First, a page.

26. ^ Calendars, Country 2020 (2019-12-25). Made In Britain With Afghanistani Parts: Afghanistani 2020 Calender Gift For Afghanistani With There Heritage And Roots From Afghanistan [check the title of this book, for instance]. Independently Published. ISBN 978-1-6506-1917-0.
  27. ^ Bezhan, Faridullah (2006). Afghanistani Storytelling and Writing: History, Performance and Forms [this book with title Afghanistani was published in 2006]. Monash Asia Institute. ISBN 978-1-876924-44-7.
  28. ^ "Afghanistani mother responds to pregnant Kiwi journalist's plea". 1 News. Retrieved 2022-05-26.
  29. ^ "راه‌حل‌های راهبردی برای پناهندگان افغانستانی [UNHCR Iran uses Afghanistani]". آژانس پناهندگان سازمان ملل در ایران (in Persian). Retrieved 2022-05-26.
  30. ^ Entezar, Ehsan M. (2008-01-04). Afghanistan 101: Understanding Afghan Culture. Xlibris Corporation. ISBN 978-1-4535-0152-8.
  31. ^ A Different Kind of War: The United States Army in Operation ENDURING FREEDOM, October 2001 - September 2005. Government Printing Office. ISBN 978-0-16-086914-3.
  32. ^ Ghani, Ashraf; Lockhart, Clare (2009). Fixing Failed States: A Framework for Rebuilding a Fractured World. Oxford University Press. ISBN 978-0-19-539861-8.
  33. ^ Modrzejewska-Leśniewska, Joanna (2020-02-06). "Afghanistan Ordinary state, failed state, or something else?". Journal of Modern Science. 43 (4): 101–117. doi:10.13166/jms/117976. ISSN 1734-2031. S2CID 212960582.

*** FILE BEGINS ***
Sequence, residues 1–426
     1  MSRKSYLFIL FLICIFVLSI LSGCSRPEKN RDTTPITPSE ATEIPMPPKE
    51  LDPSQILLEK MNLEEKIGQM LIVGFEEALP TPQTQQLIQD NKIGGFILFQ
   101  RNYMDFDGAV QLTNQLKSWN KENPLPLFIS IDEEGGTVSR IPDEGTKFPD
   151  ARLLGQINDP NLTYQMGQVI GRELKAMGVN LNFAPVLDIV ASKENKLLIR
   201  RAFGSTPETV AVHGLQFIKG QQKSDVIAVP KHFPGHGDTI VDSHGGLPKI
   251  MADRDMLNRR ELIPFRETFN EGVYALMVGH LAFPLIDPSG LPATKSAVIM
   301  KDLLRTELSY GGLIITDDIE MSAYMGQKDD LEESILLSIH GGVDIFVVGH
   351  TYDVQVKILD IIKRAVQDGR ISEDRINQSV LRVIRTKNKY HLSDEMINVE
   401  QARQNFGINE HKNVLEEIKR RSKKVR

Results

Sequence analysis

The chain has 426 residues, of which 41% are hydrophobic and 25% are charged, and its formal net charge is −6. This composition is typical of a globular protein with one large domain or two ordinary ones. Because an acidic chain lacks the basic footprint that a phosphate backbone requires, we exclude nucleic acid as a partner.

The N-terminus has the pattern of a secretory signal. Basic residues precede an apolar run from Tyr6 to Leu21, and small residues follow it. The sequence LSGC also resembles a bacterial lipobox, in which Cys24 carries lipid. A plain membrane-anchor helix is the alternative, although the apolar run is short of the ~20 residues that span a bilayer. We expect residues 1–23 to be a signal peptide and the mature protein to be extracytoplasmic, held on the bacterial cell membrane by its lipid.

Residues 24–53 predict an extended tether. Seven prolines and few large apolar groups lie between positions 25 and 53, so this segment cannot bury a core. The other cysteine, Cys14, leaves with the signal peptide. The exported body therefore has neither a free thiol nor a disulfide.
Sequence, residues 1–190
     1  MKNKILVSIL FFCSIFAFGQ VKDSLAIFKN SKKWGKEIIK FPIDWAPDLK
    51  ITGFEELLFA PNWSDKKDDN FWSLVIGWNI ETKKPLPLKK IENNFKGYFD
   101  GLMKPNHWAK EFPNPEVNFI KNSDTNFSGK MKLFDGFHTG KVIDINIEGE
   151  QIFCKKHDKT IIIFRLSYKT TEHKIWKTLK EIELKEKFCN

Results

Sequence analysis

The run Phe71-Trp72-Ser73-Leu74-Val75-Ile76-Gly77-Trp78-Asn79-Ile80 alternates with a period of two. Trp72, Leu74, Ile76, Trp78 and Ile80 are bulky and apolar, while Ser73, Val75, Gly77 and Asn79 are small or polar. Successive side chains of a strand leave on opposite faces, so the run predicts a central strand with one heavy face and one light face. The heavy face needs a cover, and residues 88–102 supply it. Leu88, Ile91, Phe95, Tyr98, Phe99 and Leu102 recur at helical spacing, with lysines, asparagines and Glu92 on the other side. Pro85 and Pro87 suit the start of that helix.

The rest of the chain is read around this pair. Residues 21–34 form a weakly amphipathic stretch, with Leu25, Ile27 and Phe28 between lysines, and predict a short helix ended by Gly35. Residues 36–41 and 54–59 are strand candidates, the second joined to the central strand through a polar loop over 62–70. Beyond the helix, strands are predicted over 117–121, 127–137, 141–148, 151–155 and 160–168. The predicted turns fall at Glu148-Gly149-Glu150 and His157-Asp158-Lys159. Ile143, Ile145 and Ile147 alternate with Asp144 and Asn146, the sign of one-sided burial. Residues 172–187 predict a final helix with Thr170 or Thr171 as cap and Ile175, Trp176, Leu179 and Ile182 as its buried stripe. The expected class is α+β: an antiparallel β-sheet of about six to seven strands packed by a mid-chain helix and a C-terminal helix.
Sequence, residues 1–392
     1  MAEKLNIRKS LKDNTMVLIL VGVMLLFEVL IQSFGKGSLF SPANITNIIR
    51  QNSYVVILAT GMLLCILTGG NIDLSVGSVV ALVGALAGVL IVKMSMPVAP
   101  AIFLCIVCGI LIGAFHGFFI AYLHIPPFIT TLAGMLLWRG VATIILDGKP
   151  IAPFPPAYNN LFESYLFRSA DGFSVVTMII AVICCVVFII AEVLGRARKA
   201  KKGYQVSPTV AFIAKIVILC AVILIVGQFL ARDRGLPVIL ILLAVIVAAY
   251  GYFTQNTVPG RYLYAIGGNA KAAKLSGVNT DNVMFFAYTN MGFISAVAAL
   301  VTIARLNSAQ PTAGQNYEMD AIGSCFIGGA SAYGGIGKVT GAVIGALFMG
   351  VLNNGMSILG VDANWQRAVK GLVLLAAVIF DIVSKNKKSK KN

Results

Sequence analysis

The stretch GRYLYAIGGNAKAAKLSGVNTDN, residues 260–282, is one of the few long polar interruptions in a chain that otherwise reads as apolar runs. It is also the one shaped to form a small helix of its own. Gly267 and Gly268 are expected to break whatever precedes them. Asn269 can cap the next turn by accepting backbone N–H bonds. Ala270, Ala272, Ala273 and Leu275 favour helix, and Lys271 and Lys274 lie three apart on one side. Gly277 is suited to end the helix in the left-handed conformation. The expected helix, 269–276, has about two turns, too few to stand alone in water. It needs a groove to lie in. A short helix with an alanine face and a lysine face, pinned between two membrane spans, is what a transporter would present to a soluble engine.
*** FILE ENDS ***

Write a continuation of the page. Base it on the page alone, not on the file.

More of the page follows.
34. ^ Barfield, Thomas J. (2004-06-01). "Problems in establishing legitimacy in Afghanistan". Iranian Studies. 37 (2): 263–293. doi:10.1080/0021086042000268100. ISSN 0021-0862.
  35. ^ Bearden, Bill (June 2000). "Washington awards contracts for Federal ID cards". Card Technology Today. 12 (6): 2. doi:10.1016/s0965-2590(00)06002-3. ISSN 0965-2590.
  36. ^ "Afghanistan's identity crisis erupts on social media". The National. 2018-02-21. Retrieved 2022-05-02.
  37. ^ Modrzejewska-Leśniewska, Joanna (2020-02-06). "Afghanistan Ordinary state, failed state, or something else?". Journal of Modern Science. 43 (4): 101–117. doi:10.13166/jms/117976. ISSN 1734-2031. S2CID 212960582.
  38. ^ Foundation, Encyclopaedia Iranica. "Welcome to Encyclopaedia Iranica". iranicaonline.org. Retrieved 2022-05-02.
  39. ^ Hyman, Anthony (1984-06-01). Afghanistan Under Soviet Domination, 1964-83. Springer. ISBN 978-1-349-17443-0.
  40. ^ Gullette, David; Croix, Jeanne Féaux de la (2017-10-02). Everyday Energy Politics in Central Asia and the Caucasus: Citizens' Needs, Entitlements and Struggles for Access. Routledge. ISBN 978-1-317-30253-7.